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How to Avoid Being Cheated On

by Elise Wile

The comedian Rodney Dangerfield once quipped, "What a kid I got, I told him about the birds and the bees and he told me about the butcher and my wife." What gets laughs during a comedy routine, however, can be absolutely heartbreaking when encountered in your own relationship. While there are no guarantees that you'll never be cheated on, you can take precautions to minimize the chance of getting a broken heart.

Choose the Right Partner

The ability to resist the urge to cheat is directly linked to a person's level of executive functioning, according to psychologist Scott Barry Kaufman in a May 2011 blog in "Psychology Today." When that function becomes overwhelmed, as can be the case with excessive stress or alcohol consumption, a person becomes less able to resist unhealthy impulses. Resistance is also weakened if he or she has multiple opportunities to cheat.

Communicate

Keep an open line of communication. Be a person whom your partner can talk to whether he or she is feeling a lack of sexual satisfaction or emotional distance. A study published in the June 2012 "International Journal of Sexual Health" found that a lack of sexual or emotional satisfaction were both major reasons for a person having initiated an affair. Effective communication helps to ensure that those problems don't go undetected and unaddressed.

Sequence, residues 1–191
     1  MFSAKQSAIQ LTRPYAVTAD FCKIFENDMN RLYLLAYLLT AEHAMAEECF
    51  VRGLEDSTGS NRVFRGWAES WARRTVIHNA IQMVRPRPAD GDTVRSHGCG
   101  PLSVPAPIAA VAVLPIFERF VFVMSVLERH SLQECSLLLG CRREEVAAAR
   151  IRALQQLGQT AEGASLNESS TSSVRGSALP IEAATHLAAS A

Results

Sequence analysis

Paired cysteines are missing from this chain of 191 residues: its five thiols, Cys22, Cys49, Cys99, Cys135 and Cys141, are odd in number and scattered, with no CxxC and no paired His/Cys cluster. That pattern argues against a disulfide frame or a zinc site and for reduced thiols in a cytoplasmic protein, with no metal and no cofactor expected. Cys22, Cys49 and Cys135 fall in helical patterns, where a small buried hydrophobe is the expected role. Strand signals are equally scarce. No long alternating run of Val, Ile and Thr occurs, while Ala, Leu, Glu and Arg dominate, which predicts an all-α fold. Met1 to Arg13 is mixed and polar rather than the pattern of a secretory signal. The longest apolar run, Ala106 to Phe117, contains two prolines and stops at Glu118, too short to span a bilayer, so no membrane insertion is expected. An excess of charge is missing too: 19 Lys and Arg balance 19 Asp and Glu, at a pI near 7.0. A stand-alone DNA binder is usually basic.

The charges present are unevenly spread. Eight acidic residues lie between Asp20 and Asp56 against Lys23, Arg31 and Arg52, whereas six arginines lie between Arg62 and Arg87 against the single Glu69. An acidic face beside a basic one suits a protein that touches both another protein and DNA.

Read the Clues

Keep your eyes open for behavior that can be a prelude to cheating. Secretiveness, argumentativeness and complaining about feeling dissatisfied are all signs that a partner might be vulnerable to infidelity, says psychologist Susan Perry in a July 2011 article in "Psychology Today." Pay attention to how your partner responds to movies depicting romanticized version of love, as well. A person who thinks that a "soul mate" might still be out there somewhere is likely to have unrealistic views about long-term love, says Perry.

Be Realistic

As much as you'd like reassurance that you can prevent your heart from being trodden on by a cheater, ultimately, there's nothing you can do to be 100 percent certain that a partner won't cheat. Mira Kirshenbaum, author of "When Good People Have Affairs: Inside the Hearts and Minds of People in Two Relationships," has identified 17 reasons why people cheat. Some of them, such as the desire to see if he or she is still attractive to others or the desire to have an experience missed prior to meeting you, have absolutely nothing to do with you or your relationship. Ultimately, all you can do is take your relationship one day at a time and enjoy the time you have together.

About the Author

Elise Wile has been a writer since 2003. Holding a master's degree in curriculum and Instruction, she has written training materials for three school districts. Her expertise includes mentoring, serving at-risk students and corporate training.

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